Wish me luck.

Friday, January 25, 2008


We're down five chickens. Two bodies remained, with chunks missing, and there were three trails of feathers, heading out into the woods. It has been a very sad day.

Q went after the mouse earlier this evening when I sat him up on my knee long enough to check email. I took him over to this site to see what Daniel's been up to and he got his little fist on that mouse and moved that arrow all over and wanted to see more of those pictures. What a hoot.

S has gradually gotten a smidge less clingy since returning home. She is so funny about school. She's always got to be doing something to try and keep up with the bigger kids, running for Kindergarten workbooks (which she's really well done with) just so she can make herself busy like they are. Sometimes it's hard not to chuckle in the moment, which would totally not be taking her seriously and would so not go over well. Our big achievement for the week was working for quite a while on a 500 piece puzzle without getting frustrated to the point of foot-stomping. Next she'd like to play "the element game" (Element-o) some more.

K saw a very nice orthopod yesterday. She has a fracture in her back (trampoline) and is experiencing the joys of restricted activity. No gymnastics, no swimming. Poor little chickie. The doctor asked her what else she likes to do. She scrunched up her eyes and thought for a second before answering, "I like to roughhouse on the couches... with my big brother." "Ah." He had smiles and inquiries about the actual amount of roughhousing currently going on (none because she "might go upside down which would hurt") and admonitions about continuing to be gentle and off we went. She'll be seen again in about four weeks for another look at her progress and probably (hopefully) heal up just fine.

E is more of everything lately. More fun, more cranky, more (gulp) hormonal? Hear me wailing in distress? Can't we give me a minute to just sit with the little squirt who used to actually want me to do her hair instead of the big kid who wants to do it all herself and is leading her sisters astray in the same manner? (Kidding. Sort of.) Please? Wah. Of course, I'm also tremendously proud of her and how she just takes things on, much like her Daddy. That is, when she's not having to knock out her checklist of schoolwork. For some reason, all coping skills are suspended when we must diagram sentences or do multiplication.

G is suddenly his Dad all over the place. He's nearly as tall as I am and his involuntary gestures are so much his father. He's such a guy. It makes me smile. He's talking about wanting to do Marine Biology next year for science. We'll see. I've thought about Prentice-Hall curricula, but it's expensive and I don't know how linear it is for a kid who is beyond junior high science but not quite the level of self-study one would like to see in a high-schooler either. I think part of the reason he'd like to take this particular tack is because we've talked about the work his Dad did with dinoflagellates (red tide) and G's been many times to the place the work was done. I don't know if he realizes it or not, but I think he's trying to walk in those big footsteps. Awww. Sniff.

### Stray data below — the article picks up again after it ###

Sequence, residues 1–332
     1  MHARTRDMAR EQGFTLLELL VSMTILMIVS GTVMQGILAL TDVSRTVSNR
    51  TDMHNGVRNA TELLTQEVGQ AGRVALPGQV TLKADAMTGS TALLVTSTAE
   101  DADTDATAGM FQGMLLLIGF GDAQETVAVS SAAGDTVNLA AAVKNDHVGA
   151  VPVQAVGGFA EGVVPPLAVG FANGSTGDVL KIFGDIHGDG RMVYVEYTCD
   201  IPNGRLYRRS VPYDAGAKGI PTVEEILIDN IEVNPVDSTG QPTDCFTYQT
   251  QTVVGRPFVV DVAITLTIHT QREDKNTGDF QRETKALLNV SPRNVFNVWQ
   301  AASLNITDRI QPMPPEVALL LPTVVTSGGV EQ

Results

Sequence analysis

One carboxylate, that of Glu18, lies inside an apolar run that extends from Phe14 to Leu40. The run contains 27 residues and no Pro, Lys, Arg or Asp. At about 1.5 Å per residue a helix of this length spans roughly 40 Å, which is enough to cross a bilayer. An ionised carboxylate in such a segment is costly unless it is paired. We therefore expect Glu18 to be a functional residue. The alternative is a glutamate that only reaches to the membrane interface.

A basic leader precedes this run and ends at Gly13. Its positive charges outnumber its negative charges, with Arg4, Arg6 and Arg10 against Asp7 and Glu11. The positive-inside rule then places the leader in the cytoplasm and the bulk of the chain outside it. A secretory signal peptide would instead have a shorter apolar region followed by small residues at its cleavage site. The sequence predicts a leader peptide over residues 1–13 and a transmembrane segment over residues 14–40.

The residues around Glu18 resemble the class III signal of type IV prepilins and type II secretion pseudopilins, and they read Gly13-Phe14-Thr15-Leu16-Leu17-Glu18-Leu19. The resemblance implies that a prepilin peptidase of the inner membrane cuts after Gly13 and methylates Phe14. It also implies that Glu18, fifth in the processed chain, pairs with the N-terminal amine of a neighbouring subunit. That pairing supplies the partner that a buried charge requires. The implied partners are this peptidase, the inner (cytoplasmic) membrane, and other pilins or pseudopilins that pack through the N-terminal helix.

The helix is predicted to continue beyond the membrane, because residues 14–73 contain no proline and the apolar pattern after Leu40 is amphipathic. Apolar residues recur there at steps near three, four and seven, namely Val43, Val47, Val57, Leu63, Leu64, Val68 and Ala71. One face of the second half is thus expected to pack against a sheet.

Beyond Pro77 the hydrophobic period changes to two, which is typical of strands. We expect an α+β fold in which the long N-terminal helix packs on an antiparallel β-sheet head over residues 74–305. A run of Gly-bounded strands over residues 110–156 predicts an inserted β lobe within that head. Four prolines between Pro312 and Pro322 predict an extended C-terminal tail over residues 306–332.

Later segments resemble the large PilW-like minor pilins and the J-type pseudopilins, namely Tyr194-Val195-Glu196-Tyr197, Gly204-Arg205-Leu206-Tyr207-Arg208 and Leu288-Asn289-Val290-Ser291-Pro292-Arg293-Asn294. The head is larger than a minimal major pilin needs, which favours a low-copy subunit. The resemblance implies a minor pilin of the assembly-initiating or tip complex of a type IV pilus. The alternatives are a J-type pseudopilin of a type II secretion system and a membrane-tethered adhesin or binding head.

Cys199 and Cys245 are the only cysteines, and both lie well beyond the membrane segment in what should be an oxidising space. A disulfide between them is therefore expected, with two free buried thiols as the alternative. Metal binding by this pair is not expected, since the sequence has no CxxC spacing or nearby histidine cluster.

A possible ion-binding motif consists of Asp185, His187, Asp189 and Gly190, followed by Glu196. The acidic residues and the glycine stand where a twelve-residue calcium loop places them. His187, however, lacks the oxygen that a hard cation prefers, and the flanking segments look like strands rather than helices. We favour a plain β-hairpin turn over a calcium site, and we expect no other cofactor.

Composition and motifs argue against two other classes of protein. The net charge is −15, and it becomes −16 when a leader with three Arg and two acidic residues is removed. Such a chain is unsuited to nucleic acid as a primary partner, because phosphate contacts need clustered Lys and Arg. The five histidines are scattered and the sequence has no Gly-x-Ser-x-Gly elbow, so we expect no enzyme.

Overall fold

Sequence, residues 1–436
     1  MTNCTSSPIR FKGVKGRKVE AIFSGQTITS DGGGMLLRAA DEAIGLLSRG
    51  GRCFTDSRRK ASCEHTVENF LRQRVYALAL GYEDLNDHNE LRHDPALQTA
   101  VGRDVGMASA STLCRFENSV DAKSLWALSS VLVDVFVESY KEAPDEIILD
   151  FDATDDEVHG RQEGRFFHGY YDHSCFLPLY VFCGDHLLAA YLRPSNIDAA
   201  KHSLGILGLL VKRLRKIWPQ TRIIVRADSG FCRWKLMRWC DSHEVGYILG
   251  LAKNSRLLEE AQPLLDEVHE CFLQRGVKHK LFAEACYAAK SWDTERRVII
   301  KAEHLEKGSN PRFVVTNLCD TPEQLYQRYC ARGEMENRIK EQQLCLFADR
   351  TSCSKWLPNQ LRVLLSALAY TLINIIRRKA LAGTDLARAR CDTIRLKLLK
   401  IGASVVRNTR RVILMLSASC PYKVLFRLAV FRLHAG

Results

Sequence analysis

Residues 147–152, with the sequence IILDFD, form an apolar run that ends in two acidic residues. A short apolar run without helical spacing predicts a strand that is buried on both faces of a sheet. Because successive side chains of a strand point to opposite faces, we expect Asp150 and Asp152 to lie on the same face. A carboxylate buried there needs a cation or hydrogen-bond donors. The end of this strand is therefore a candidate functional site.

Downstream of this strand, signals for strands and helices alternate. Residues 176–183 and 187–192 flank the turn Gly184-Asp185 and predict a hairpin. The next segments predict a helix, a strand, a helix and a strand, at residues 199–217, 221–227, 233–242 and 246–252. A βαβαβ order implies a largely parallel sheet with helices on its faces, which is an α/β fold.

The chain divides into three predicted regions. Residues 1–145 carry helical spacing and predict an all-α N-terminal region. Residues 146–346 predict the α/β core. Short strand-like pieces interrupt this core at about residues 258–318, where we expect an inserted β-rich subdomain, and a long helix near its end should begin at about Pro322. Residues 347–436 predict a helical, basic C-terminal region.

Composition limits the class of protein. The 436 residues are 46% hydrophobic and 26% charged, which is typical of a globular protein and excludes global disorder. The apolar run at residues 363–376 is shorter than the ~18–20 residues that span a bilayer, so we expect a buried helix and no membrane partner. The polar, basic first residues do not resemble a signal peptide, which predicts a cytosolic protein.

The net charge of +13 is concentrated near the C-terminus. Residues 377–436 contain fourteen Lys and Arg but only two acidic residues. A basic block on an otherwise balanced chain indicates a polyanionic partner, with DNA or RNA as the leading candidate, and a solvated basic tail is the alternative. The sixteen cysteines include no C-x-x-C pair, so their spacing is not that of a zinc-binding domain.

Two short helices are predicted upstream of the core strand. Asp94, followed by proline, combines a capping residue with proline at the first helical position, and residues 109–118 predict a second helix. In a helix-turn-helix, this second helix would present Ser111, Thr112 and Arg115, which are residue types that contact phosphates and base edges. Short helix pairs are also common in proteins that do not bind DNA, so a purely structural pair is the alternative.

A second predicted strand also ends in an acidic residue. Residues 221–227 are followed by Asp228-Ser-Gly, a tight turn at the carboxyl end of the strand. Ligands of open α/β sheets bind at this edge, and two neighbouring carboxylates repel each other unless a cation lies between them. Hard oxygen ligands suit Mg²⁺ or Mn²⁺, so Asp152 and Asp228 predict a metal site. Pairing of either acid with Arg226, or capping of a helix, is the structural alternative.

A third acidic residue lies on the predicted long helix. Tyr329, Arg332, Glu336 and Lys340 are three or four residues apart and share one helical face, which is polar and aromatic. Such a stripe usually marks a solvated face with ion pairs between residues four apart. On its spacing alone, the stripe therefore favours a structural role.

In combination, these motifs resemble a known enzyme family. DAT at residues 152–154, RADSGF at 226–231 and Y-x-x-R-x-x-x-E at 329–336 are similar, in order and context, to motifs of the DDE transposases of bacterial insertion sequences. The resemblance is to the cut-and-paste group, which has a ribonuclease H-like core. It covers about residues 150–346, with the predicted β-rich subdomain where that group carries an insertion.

I've been so tired today that my arms feel like they belong to someone else and I'm having trouble staying warm (!). Sleep has been spotty over the last several nights, getting to bed at 4:30am, 3am, 2:20am, and only then because I was nursing the little monkey in the dark with a blanket over his head. If I can get Q down and go to bed tonight before one I would count it as celebration material. It's all a matter of perspective, no?

I was sorting through some old papers and came across one on which I'd written the date, in very large letters. It was left over from the time when the kids and I were here, a certain someone was doing a rotation relatively nearby, and my grandparents were staying in the house as well. There was some difficulty in the tracking of days with the older set (they were about to move into assisted living) so I was using the excuse that the kids needed to have the date posted for them. Clever, I know. I was also writing Bible verses at the bottom of the pages in the hopes that certain of us might gather enough strength from them to keep on keepin' on. What can I say? It was a pile of people and personalities to share the space, my grandmother was, erm, less than supportive about my teaching the kids history (including mythology) vs. straight up Bible stories, and Alzheimer's was figuring prominently in the decision making processes. I'd dislocated my kneecap (reduced it myself, oh yes I did) and was limping about. The verse on this particular sheet is also my Thought for this Week. Ready?

God will help you overflow with hope in him through the Holy Spirit's power within you.
Romans 15:13 TLB

Alrighty then.

I'm going to go convince Q that he wants to sleep. Have a good sleep and when you have a second, give out some extra hugs and snuggles. Mwaaa.

Wednesday, January 23, 2008


Eternal questions are pesky. Some time ago, a commenter asked: